ED22B – Education and Workforce Development for Convergence and Data Sciences in the Era of Artificial Intelligence and Machine Learning

We are witnessing unprecedented advances and increased applications of artificial intelligence (AI), machine learning (ML), and data sciences in all areas of science and society and are facing a critical need for professionals with expertise in data and information technologies, along with domain knowledge. Academia has begun producing and modifying curriculum to include enhanced training in AI/ML and data science so that students graduate with the requisite skills, literacies, and competencies. This session welcomes contributions from thought leaders and practitioners in multiple earth sciences disciplines and information science to discuss challenges, opportunities and best practices for educators, learners, and researchers to create a workforce for advancing convergence science. The proposed session will be of interest to several AGU sections, including but not limited to Atmospheric Sciences, Hydrology, Education, and Earth and Space Science Informatics.

Conveners from I-GUIDE:


GC521 – Global-Local-Global Analysis of Sustainability and the Telecoupling of Land and Water Systems II

Global change drivers, including population, income, technology, and trade, are placing increasing stress on local land and water systems across an interconnected world. These sustainability stresses vary by locality, due to heterogeneity in governance, culture, climate, hydrology, soils, and socio-economic practices. Furthermore, these localities can be telecoupled (environmentally and socioeconomically interconnected) to other systems around the world through flows between these systems, such as the movement of people, goods, and information. Through these flows, local stress responses can influence distant systems, and can feed back to regional and global systems through markets and biophysical spillovers. Therefore, analysis of sustainability solutions must embrace methodologies capable of examining connections across systems and scales. This session will include presentations by members of the NSF-funded GLASSNET project, as well as other scientists contributing to use cases and analyses of connected land and water systems, such as global-to-local-to-global methodologies and the telecoupling framework.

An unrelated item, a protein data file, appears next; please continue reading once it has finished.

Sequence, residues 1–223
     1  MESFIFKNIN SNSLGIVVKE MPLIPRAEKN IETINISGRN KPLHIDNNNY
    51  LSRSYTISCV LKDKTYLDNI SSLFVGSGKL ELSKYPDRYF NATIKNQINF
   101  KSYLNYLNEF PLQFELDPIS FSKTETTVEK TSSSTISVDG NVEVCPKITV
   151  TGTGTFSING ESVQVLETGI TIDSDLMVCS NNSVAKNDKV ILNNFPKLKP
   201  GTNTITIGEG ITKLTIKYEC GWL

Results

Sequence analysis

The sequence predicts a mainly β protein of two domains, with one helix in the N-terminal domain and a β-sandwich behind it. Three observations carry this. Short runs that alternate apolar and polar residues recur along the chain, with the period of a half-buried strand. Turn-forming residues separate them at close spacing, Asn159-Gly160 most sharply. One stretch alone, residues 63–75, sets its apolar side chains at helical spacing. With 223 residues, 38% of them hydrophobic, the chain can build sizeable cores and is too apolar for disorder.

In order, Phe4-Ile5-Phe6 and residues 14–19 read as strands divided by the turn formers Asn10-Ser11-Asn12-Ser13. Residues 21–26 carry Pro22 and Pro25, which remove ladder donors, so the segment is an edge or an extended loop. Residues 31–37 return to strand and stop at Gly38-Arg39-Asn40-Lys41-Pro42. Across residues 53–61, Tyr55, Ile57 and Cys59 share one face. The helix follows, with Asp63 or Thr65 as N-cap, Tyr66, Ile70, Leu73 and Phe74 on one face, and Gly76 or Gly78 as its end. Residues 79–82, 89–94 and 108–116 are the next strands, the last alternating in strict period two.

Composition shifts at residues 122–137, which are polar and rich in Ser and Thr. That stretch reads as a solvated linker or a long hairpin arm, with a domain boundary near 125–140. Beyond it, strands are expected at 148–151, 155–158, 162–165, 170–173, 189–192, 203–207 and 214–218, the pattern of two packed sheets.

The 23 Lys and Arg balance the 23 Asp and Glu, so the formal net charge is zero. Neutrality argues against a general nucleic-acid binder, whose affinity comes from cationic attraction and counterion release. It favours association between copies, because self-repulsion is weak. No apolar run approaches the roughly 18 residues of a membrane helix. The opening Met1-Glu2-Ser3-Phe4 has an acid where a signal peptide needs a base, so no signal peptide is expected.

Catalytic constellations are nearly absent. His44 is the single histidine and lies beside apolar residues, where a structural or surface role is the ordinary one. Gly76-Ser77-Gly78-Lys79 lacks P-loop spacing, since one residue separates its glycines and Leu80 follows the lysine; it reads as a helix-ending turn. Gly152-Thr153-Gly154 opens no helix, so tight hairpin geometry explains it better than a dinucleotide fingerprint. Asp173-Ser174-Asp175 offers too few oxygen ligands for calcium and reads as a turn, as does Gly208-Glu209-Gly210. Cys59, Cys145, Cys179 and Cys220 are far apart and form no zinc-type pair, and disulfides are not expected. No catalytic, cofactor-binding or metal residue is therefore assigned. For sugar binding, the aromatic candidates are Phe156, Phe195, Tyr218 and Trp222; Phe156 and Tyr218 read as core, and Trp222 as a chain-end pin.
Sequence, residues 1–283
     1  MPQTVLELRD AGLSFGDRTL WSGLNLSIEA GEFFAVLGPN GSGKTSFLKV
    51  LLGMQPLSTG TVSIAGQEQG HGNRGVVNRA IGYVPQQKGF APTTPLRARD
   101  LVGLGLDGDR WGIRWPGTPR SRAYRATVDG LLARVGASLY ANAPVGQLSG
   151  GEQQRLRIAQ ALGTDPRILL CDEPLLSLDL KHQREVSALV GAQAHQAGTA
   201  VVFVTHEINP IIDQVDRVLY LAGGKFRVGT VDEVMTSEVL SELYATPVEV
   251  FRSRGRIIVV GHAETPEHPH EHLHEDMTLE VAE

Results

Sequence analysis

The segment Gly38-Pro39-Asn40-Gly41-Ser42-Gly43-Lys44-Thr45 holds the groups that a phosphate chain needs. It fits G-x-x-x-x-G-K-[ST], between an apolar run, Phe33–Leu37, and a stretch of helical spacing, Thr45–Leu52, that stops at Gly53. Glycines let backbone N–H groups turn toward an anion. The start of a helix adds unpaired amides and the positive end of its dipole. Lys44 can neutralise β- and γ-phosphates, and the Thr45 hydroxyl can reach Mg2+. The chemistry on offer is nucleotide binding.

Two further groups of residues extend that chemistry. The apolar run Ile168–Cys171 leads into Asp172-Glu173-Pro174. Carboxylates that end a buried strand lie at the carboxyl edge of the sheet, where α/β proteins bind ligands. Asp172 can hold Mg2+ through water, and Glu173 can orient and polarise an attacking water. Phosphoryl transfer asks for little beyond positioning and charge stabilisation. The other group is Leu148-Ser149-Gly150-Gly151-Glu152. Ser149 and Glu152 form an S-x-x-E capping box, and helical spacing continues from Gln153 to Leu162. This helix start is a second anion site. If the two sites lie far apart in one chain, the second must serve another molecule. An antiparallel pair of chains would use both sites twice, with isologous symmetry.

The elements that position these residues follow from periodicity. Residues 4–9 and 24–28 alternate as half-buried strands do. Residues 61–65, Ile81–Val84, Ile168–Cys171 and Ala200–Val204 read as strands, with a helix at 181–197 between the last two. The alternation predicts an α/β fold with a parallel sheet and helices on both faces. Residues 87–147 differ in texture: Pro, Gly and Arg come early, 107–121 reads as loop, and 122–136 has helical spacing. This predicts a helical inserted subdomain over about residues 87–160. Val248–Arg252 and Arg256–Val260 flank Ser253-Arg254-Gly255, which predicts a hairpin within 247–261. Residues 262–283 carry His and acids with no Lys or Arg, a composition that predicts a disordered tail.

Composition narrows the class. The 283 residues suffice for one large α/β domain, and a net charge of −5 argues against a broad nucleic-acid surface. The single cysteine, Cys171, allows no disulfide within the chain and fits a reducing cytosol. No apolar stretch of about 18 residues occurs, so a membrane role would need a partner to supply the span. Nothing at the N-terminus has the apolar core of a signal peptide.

Conveners from I-GUIDE:


GC521-0252 – Evaluating Cascading Disaster Impacts Through the Telecoupling Framework: a Case Study Using Midwest Drought and the Cerrado of Brazil

In an interconnected world, disaster impacts can cascade across coupled human-natural systems. Yet, these impacts are generally assessed only in the area in which the disaster directly occurred. The telecoupling framework provides a method for understanding the complex connections within a system (e.g., area where a disaster occurs) and between distant systems. Here, we use the telecoupling framework to analyze the impacts of a major drought across the US Midwest on the Cerrado of Brazil by evaluating the agents, causes, and effects in each system and the flows between systems. The Midwest and Brazil are top exporters of soybeans, so, despite their distance, a major disaster in the Midwest could decrease domestic soybean production and give a competitive advantage to Brazil. This could drive land conversion in Brazil’s soybean frontier located across the Cerrado, a region considered the world’s most biodiverse tropical savanna. By combining the telecoupling framework with geospatial and time-series analysis of deforestation and drought, we will show how this work can expand current cascading disaster research by explicitly linking the impacts within systems and between distant systems.

Conveners from I-GUIDE